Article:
Finding hope and humanity in service – The New Indian Express

They were denied education and opportunities.
Published: 30th March 2023 11:30 AM  |   Last Updated: 30th March 2023 11:30 AM   |  A+A-
Sankara Raman was recently honoured at the 21st CavinKare Ability Awards
CHENNAI: It was a trip to rural India somewhere around 1991 with S Ramakrishnan, activist, and founder-president of Amar Seva Sangam, that became a significant turning point in chartered accountant Sankara Raman’s life. Fighting muscular dystrophy since birth, he always believed in empowering persons with disabilities (PwDs) rather than providing welfare measures.

The journey gave him an insight into the lives of PwDs in the villages. “Polio was the major problem. Even though other issues like cerebral palsy and autism existed, most of them were forcefully kept inside their houses. They were denied education and opportunities.
Polio was misunderstood and everyone failed to realise the possibilities of rehabilitation,” shares Sankara Raman. To transform the taboos into a world of possibilities, he joined Amar Seva Sangam. For 32 years, he has been instrumental in helping people with disabilities see a world that was hidden from them. When he was recently honoured at the 21st CavinKare Ability Awards, he had nothing else to share but the continued, unrestrained will to make a change in people’s lives.

Finding possibilities
Having walked the road of hardships, it was sheer determination and support from his close ones that goaded him to become an educator and an inspiration. Explaining his genetic condition, Sankara Raman says, “Muscular dystrophy is a condition where your muscles won’t respond to the instructions they receive from the brain. Even though I was diagnosed with the condition in childhood, I was tied to a wheelchair since age 12. Until then I was more independent.”
From age 14, he had to stop going to school and opted for homeschooling. He recalls his family being supportive in taking care of him and adjusting to his needs. “My father, S Srinivasan’s job in the LIC demanded us to travel and move to different places. But, due to my health, he didn’t accept further promotions and we settled in Royapettah. He put me through Ayurveda, Siddha, Unani, and allopathy while taking care of my three sisters,” he shares. In class 6 when a teacher asked him what his ambition was, Sankara Raman confidently replied that he wanted to become an accountant.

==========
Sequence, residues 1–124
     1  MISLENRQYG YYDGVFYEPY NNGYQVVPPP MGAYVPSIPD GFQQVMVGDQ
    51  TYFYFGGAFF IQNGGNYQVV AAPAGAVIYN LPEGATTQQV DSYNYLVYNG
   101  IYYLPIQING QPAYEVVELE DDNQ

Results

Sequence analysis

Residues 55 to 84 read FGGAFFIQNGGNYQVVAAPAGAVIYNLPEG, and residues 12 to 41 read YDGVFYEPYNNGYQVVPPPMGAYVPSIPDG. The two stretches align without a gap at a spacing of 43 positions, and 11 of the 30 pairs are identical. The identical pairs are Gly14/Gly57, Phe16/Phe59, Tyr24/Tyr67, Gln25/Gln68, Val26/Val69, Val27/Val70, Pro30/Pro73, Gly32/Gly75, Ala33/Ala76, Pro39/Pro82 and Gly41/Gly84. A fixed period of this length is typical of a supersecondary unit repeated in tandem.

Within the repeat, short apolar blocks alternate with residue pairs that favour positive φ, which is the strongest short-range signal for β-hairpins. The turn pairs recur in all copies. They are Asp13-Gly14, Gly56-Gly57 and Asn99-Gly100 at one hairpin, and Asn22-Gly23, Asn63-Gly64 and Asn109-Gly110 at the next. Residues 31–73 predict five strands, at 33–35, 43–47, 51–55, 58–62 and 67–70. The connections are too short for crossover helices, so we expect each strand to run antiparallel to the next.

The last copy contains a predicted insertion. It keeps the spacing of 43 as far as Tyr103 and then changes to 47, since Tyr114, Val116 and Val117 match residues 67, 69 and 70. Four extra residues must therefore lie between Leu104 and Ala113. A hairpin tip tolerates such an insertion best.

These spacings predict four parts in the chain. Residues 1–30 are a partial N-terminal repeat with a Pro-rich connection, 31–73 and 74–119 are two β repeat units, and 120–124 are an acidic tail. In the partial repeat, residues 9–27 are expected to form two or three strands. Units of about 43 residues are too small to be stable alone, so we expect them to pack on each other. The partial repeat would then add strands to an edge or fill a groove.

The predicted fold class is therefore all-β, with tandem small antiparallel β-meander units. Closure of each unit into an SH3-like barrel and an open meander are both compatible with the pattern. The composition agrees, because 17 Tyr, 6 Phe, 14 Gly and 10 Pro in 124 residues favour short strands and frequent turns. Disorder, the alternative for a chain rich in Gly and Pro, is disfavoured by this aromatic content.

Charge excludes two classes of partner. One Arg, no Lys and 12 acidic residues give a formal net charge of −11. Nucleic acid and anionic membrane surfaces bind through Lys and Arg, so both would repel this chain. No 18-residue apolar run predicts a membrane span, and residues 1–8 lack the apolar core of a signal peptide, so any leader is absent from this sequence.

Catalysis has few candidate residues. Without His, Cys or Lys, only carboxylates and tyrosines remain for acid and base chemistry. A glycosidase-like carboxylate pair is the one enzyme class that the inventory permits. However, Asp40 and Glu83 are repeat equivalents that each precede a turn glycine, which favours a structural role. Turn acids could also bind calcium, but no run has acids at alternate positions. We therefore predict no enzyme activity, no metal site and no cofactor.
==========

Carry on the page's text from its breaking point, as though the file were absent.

His sister Sumathi who was also diagnosed with muscular dystrophy completed her doctorate in commerce. This influenced him and he joined intensive coaching classes for CA exams. He says, “The studying hours were from 7 am to 10 pm. I used to dedicatedly spend my time to crack the exam. I was never pressurised. I also didn’t spend much money on education since I used to top the exams. But, managing me was expensive. My medical expenses, insurance, money for the caregiver, everything added to the expenditure.” At the age of 23, in 1985, he cracked CA with a gold medal.
Changing the mindset
Partnering with the firm, Chandroo & Sankar, he continued his practice. He associated with Amar Seva Sangam initially for establishing their accounting system and helping them in other activities. Ramakrishnan introduced him to a whole new perspective of life as a PwD. In 1992, he joined the Amar Seva Sangam in Ayikudy and started contributing to it. Even though his parents were not in favour of the decision to move to Ayikudy, Sankara Raman took it as a challenge.
“We wanted to start an inclusive educational institution. So there were not more than 13 students in the beginning. In those days, there was no such thing as inclusivity in schools, so we began as an integrated school. There were classes from nursery to class 5. Most of the parents were reluctant to send their kids to our school but after they saw the changes the students had, they started to believe in Amar Seva Sangam. This was the initial victory of their combined effort,” comments Sankara Raman.
He adds, “There was an improvement in the kids’ language, self-confidence and so many other aspects. We also believed that our organisation is a transition phase in the kid’s life. Nobody is going to stay here forever. They are going to leave the organisation but will be a part of the community that will empower each other.”
After more than four decades, the institution has grown to accommodate more than 250 residents, 1,000-day scholars and 16,000 students in the community. It also provides support directly and indirectly to more than a lakh of people annually. Managing everything through technology, the institution adheres to cloud-based solutions for all its programmes.
To encapsulate all the knowledge they have gained as a team and pass it on to the future generation, Amar Seva Sangam now focuses on its Center Of Excellence. To all those who still consider disability as a stigma, he says, “When life gives you a hard time, you shouldn’t stop there thinking ‘why me?’. Instead, you should move forward by saying ‘Why not me?’”

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